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sarrance, france

Stories connect people during quarantine

Carrie Klaus (pictured below) is a professor of global French studies. Her essays have appeared in Feminist Studies, Palimpsestes and L'Esprit Créateur and in volumes published by the University of Chicago, Springer, the Modern Language Association, the Voltaire Foundation and Brill.

When DePauw suspended in-person learning this spring and much of the nation and world went into “shelter-in-place” mode, there was a flurry of interest in Giovanni Boccaccio’s “The Decameron,” a collection of 100 stories written in Italian during the Great Plague in the 14th century. In Boccaccio’s book, 10 nobles take refuge together in the countryside near Florence – you might say they "quaranteam" – and tell stories to pass the time. There were lots of virtual performances and reading groups involving “The Decameron” this spring, including a reading and discussion project called the 100 Days of Decameron led by Anna Barker for Iowa City UNESCO City of Literature. I joined this project and loved it! Participants read one story in the “The Decameron” each day and then discussed that story on social media (mostly Facebook). Boccaccio’s stories are rich and varied – hilarious and upsetting, inspiring and depressing, feminist and misogynist, all at the same time. I even read some to my kids.

In the mid-16th century, a French writer, Marguerite de Navarre, wrote her own collection of stories inspired by “The Decameron.” She seems to have died before completing her full project. In any case, we have only 72 stories from her, so her collection was titled “The Heptaméron” (in recognition of seven full days of storytelling) when it was published by her daughter after her death. I am a huge fan of Navarre’s writing. I love reading and discussing her stories with students at DePauw in French literature courses and first-year seminars, and I often have students do some role-playing, as they compose and tell stories of their own. (I also have an article on “The Heptaméron” coming out in the journal Romance Notes soon.)

Over the summer, I was talking about the “Decameron” project with some colleagues at other institutions, who are also big fans of Navarre, and we thought it would be lots of fun to put together a 72 Days of Heptaméron project, drawing inspiration from the Boccaccio project just as Navarre drew inspiration from “The Decameron.” We worked with the Marguerite de Navarre Society and an international group of scholars and put together a plan for reading a story a day beginning Nov. 1 and discussing these stories online, either on the project website or on a dedicated Facebook group. (Participants may decide where they feel most comfortable and are welcome to contribute in both places.)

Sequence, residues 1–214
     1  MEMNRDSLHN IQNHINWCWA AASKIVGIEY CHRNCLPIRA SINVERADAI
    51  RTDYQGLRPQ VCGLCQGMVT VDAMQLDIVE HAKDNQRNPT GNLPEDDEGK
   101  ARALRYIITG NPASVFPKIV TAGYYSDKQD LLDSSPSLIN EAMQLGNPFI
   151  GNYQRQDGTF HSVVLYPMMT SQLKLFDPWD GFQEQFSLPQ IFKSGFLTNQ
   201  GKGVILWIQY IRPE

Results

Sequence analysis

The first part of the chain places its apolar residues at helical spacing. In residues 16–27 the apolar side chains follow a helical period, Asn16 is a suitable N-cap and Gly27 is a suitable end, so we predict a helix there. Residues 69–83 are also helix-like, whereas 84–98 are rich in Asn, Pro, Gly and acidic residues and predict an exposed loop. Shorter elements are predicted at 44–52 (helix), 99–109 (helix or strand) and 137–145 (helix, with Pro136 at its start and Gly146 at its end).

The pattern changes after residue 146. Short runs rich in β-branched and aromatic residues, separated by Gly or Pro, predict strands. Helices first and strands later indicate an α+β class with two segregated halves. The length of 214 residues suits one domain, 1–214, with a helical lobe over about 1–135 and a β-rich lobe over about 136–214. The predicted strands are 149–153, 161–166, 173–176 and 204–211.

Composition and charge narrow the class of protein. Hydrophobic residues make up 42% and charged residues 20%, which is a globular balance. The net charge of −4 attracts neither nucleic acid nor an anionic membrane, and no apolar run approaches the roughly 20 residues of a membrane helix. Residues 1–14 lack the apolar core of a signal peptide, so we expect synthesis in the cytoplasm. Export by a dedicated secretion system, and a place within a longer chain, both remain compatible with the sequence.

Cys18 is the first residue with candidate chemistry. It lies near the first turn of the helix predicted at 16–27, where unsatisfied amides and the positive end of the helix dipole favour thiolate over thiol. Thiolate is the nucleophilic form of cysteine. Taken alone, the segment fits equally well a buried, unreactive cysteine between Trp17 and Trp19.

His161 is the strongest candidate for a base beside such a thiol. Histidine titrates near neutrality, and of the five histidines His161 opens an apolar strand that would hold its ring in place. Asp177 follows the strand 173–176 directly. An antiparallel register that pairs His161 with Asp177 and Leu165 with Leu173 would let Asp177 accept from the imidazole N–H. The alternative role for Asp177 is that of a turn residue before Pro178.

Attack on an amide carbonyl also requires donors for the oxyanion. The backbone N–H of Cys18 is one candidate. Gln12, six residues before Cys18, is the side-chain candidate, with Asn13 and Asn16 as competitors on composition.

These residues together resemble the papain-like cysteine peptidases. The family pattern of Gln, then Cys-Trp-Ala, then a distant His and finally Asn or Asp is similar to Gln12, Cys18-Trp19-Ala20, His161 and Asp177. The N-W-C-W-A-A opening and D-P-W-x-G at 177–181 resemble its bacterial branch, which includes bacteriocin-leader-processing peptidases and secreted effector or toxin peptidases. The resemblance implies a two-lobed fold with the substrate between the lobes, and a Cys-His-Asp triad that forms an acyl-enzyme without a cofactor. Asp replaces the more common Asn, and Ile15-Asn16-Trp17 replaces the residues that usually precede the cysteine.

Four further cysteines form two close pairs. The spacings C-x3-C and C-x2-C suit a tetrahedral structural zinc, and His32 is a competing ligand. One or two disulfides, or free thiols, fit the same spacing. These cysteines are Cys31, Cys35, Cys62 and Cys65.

Marguerite de Navarre
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Marguerite de Navarre

Sarrance, France
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Sarrance, France

Although Navarre’s collection is not set during a plague, its storytellers have still come together in search of health (they have visited healing mineral waters in the Pyrenees mountains), and they still tell stories to pass the time (they are stranded by a flood and must wait until a new bridge is built so that they can return home), so the collection still seems relevant to the moment in which we now find ourselves. As we live through a time of continued uncertainty and distance from one another, particularly as the weather turns colder and we may be experiencing more isolation, it seemed like the perfect time to seek connections – to build bridges – with one another by reading and discussing these tales in a virtual format. And the stories are just great fun!

What I love about this project is that it’s designed to be broadly accessible to anyone who is interested and who loves to read. It’s not limited to scholars or professors but is really just about people coming together to discover and discuss some great stories.

My goals are to bring Navarre to a larger audience and to give us all an opportunity to read or reread her stories, for no other reason than the love of literature and the desire to connect with one another.

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